93,104 research outputs found

    Potential for Chemical Repellents Against the Mite Tyrophagus putrescentiae to Prevent Infestation of Country Hams

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    Tyrophagus putrescentiae (Shrank), commonly known as the ham mite, is a cosmopolitan pest found of various stored food commodities, including aged hams and cheeses (Amoah et al. 2017; Campbell et al. 2017). Recent research suggested methods to deter T. putrescentiae from infestation of country hams using different types of food-safe chemicals (Abbar et al. 2016). In this experiment, four chemicals were tested to ascertain their effectiveness in deterring T. putrescentiae from ham infestation. Repellency tests used a piece of ham and a group of mites placed on opposite sides of a Petri dish with a black construction paper floor. A test barrier of a test compound or solvent control was deposited on a white filter paper strip bisecting the dish at its center. The chemicals Nootkatone, Propylene Glycol, Glycerol and a fatty acid blend called “C8910” prevented more mites from contacting the ham compared to strips with solvent. These results suggest the potential for using one or more of these food-safe compounds to prevent ham mites form infesting hams in aging rooms

    Analysis of the Economic Development of Statesboro, Georgia’s Blue Mile: A Structural Approach for Diversification

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    The Blue Mile has become a center for Statesboro’s Economic Development plan of business diversification and downtown revitalization. Downtown revitalization is important not only to existing businesses but also to expanding the property tax base. The gauging of revitalization and diversification in the field of community development has been overlooked in favor of qualitative generalizations. Burayidi’s Scorecard is used as a basis to establish a standard for the structural analysis tests conducted to measure business diversification

    An examination of some characteristics of Kepler Short and Long Cadence Data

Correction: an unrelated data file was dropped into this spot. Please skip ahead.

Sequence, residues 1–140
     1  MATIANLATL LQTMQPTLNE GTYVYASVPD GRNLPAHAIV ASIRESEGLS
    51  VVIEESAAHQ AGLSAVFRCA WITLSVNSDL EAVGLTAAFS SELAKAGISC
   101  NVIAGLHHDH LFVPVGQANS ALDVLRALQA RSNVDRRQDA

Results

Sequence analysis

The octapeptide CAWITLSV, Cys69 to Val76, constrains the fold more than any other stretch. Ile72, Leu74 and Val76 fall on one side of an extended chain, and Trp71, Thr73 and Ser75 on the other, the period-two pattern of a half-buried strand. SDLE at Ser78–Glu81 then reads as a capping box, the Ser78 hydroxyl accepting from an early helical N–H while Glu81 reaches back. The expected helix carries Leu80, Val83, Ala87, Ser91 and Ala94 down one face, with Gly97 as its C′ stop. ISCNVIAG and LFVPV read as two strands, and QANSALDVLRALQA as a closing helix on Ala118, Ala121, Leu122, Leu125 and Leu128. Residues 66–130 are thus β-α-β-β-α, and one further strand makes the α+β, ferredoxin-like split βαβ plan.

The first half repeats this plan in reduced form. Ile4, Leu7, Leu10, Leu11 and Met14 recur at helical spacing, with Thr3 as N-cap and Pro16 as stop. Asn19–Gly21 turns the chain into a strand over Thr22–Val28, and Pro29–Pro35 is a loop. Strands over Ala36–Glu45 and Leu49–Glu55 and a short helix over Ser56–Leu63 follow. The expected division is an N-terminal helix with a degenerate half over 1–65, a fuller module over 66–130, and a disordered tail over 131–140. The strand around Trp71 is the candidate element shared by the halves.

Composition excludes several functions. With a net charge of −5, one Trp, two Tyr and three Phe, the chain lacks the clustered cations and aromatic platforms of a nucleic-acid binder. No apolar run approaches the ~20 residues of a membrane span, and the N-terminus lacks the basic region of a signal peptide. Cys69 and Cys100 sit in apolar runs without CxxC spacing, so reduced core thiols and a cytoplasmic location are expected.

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    A close comparison of Kepler short- and long-cadence data released prior to 2011 Nov 1 has shown some subtle differences that make the short-cadence data superior to their long-cadence counterparts. The inevitable results of a faster sampling rate are present: the short-cadence data provide greater time resolution for short-lived events like flares, and have a much higher Nyquist frequency than the long-cadence data; however, they also contain fewer high-amplitude peaks at low frequency and allow a more precise determination of pulsation frequencies, amplitudes and phases. The latter observation indicates that Kepler data are not normally distributed. Moreover, a close inspection of the Pre-search Data Conditioned (PDC) long-cadence data show residuals that have increased noise on time-scales important to asteroseismology, but unimportant to planet searches.Comment: Accepted for publication in MNRAS. 7 pages, 5 figure

    Determining optimal cadence for an individual road cyclist from field data

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    The cadence that maximises power output developed at the crank by an individual cyclist is conventionally determined using a laboratory test. The purpose of this study was two-fold: (i) to show that such a cadence, which we call the optimal cadence, can be determined using power output, heart-rate, and cadence measured in the field and (ii) to describe methodology to do so. For an individual cyclist's sessions, power output is related to cadence and the elicited heart-rate using a non-linear regression model. Optimal cadences are found for two riders (83 and 70 revolutions per minute, respectively); these cadences are similar to the riders’ preferred cadences (82–92?rpm and 65–75?rpm). Power output reduces by approximately 6% for cadences 20?rpm above or below optimum. Our methodology can be used by a rider to determine an optimal cadence without laboratory testing intervention: the rider will need to collect power output, heart-rate, and cadence measurements from training and racing sessions over an extended period (>6 months); ride at a range of cadences within those sessions; and calculate his/her optimal cadence using the methodology described or a software tool that implements it

    Music as Art: A Study of Expressing Emotion Through Music and Art

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    People have been expressing emotion with different art forms throughout history. Emotion has always been something that is hard for us to explain with words, so we have turned to painting, drawing, dancing, and music to add a visual or auditory explanation to what we feel. Depending on the chords or colors that are used, music and art can evoke specific emotions. There are many similarities between art and music, especially in the terms used to describe it. Both artists and musicians refer to their work as “compositions” and “pieces.” The musical term “timbre” means tone color and refers to the color provided by different instrument voices that make up an orchestration. Both art and music use motifs, themes, texture, and harmony. A common way that composers and directors will describe how they want a band to sound is by using the world “color.” Then the question becomes, “what color?” Of course, it is just an expression and a word to describe tone quality, but some artists have taken what they hear musically and they have translated it into an expression of color and shapes